NOVEMBER 2008 NEWS RELEASES 

 

WEEK OF NOVEMBER 26, 2008

 

WEEK OF NOVEMBER 20, 2008

 

WEEK OF NOVEMBER 13, 2008

Special Report: Deer Season '08

 

WEEK OF NOVEMBER 6, 2008

Conservation organizations partner with Wildlife Department on habitat projects
            The Oklahoma Department of Wildlife Conservation’s fisheries division increased its budget by $60,000 recently thanks to donations from Trout Unlimited and Tulsa Fly Fishers. The money will be used for angler access and habitat improvement projects to the Lower Illinois River Watts Area.
            “These donations will be used to improve our state’s angling opportunities, and as always, our thanks go out to Trout Unlimited, the Tulsa Fly Fishers and all the other angling groups that help improve fishing opportunities across the state,” said Barry Bolton, fisheries chief for the Wildlife Department.
            The donation, which includes $14,000 from Trout Unlimited and $1,000 from the Tulsa Fly Fishers, is being matched with $45,000 from Sport Fish Restoration Funds. Fishing equipment carries a special federal tax that is collected from the manufacturer. These taxes are then distributed to state fish and wildlife agencies by the U.S. Fish and Wildlife Service through the Sport Fish Restoration program.
            The wildlife division’s budget also increased by $10,000 after a donation of $2,500 from the Indian Territory Chapter of Quail Forever. The funds from the donation will be used with other donations from the National Wild Turkey Federation and Rocky Mountain Elk Foundation to enhance quail habitat at the Spavinaw WMA. It will also be matched with funds from the Wildlife Restoration program, which operates in the same way as the Sport Fish Restoration program.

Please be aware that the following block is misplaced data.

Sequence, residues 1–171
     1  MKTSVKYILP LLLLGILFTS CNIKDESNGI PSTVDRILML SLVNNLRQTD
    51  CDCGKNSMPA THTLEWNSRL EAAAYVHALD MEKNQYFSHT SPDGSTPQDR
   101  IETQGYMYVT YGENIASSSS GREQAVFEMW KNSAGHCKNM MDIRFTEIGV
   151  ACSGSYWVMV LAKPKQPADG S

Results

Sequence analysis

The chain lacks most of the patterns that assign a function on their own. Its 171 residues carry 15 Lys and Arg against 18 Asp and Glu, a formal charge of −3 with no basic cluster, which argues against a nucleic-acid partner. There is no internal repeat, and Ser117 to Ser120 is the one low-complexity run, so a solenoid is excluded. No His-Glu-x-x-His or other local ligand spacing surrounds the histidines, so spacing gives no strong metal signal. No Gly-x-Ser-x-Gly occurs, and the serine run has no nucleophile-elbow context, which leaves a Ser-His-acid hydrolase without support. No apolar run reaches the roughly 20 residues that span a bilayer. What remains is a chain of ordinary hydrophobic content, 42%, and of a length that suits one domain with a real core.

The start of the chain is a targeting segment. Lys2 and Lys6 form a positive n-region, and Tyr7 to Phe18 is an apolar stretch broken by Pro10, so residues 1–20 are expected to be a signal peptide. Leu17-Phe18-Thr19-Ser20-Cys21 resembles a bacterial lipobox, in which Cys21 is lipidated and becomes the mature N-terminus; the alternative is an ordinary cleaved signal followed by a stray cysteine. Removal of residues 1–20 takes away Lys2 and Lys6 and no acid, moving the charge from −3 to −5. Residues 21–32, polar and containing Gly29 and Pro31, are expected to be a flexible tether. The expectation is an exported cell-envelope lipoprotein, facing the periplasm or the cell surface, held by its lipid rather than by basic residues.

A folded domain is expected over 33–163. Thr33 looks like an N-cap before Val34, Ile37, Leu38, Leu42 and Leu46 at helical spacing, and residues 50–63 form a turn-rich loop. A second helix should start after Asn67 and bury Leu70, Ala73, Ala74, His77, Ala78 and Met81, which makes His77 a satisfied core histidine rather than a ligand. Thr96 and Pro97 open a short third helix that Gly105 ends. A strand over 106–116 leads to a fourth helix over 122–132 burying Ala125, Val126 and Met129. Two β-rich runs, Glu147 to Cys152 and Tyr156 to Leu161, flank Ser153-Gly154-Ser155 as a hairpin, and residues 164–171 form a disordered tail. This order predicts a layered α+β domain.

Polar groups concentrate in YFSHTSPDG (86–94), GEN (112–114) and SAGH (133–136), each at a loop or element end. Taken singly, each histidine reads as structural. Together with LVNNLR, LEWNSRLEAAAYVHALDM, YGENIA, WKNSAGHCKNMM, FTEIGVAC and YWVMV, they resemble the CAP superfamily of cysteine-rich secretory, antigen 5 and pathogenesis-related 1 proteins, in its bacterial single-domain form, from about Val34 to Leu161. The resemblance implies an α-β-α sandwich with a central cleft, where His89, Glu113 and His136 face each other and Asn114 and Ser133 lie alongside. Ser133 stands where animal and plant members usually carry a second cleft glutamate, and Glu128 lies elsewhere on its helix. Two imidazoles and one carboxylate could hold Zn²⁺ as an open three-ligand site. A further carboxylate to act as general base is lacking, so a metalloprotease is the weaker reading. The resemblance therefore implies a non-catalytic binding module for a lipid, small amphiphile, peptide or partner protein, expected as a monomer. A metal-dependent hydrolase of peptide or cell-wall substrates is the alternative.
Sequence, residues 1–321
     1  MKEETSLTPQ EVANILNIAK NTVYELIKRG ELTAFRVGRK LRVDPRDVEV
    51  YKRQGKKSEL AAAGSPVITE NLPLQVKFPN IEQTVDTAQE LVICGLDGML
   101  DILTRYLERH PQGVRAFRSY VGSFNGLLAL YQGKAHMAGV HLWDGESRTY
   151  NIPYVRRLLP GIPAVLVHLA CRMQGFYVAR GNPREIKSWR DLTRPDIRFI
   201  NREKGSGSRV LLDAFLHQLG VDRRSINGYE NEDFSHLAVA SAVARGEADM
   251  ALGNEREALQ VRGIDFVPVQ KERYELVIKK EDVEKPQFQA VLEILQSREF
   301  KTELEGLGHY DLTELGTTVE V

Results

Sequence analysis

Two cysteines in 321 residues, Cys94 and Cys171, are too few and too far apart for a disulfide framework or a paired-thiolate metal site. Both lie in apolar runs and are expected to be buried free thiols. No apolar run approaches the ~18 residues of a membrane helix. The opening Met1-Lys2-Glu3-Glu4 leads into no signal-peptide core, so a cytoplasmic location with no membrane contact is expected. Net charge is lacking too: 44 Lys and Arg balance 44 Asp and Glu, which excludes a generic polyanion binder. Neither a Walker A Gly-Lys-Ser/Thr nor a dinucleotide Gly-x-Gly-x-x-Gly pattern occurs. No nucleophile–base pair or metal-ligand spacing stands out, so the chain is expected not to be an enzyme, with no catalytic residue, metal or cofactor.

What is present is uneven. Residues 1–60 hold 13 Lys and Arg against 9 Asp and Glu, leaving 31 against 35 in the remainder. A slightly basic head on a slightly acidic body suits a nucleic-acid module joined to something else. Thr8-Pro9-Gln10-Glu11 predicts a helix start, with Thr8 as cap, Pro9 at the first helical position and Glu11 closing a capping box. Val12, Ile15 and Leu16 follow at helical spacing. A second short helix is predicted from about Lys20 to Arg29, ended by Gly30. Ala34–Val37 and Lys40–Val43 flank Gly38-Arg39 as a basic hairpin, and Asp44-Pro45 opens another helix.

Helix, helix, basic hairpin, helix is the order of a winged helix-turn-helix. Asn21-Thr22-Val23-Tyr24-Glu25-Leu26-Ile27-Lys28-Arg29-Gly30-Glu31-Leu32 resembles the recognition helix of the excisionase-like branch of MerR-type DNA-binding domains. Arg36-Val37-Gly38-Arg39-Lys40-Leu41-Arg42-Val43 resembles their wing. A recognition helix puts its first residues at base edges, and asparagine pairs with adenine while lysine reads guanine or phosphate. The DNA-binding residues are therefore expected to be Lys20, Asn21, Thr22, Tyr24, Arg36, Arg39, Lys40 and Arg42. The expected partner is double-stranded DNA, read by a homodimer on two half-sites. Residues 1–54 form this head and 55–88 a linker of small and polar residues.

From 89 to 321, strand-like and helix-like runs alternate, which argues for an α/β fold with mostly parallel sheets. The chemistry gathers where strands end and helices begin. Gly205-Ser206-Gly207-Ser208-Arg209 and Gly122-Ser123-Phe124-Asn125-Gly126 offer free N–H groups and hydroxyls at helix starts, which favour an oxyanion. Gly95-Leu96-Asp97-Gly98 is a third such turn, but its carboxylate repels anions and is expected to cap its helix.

The Oklahoma Wildlife Conservation Commission accepted the donations and voted to increase the budget at its November meeting.
            The Commission also heard a presentation from Finley & Cook, PLLC including the results of the Department’s fiscal year 2008 annual financial audit. The independent audit, which also reviewed federal grant programs, revealed no findings.
            Additionally, the Commission also accepted a donation of two bronze sculptures from the Oklahoma State Senate Historical Preservation Fund, Inc.
            In other business, the Commission recognized several Department employees for their years of service to the sportsmen of the state, among them Thor Carlson, district chief of law enforcement, for 30 years; James Edwards, game warden supervisor, for 30 years; Daryl Howser, game warden, for 30 years; Rick Olzawski, game warden, for 30 years; Gary Roller, game warden, for 30 years; Wade Free, regional wildlife supervisor, for 25 years; David Steele, game warden, for 25 years; and Russ Horton, wildlife research supervisor, for 20 years.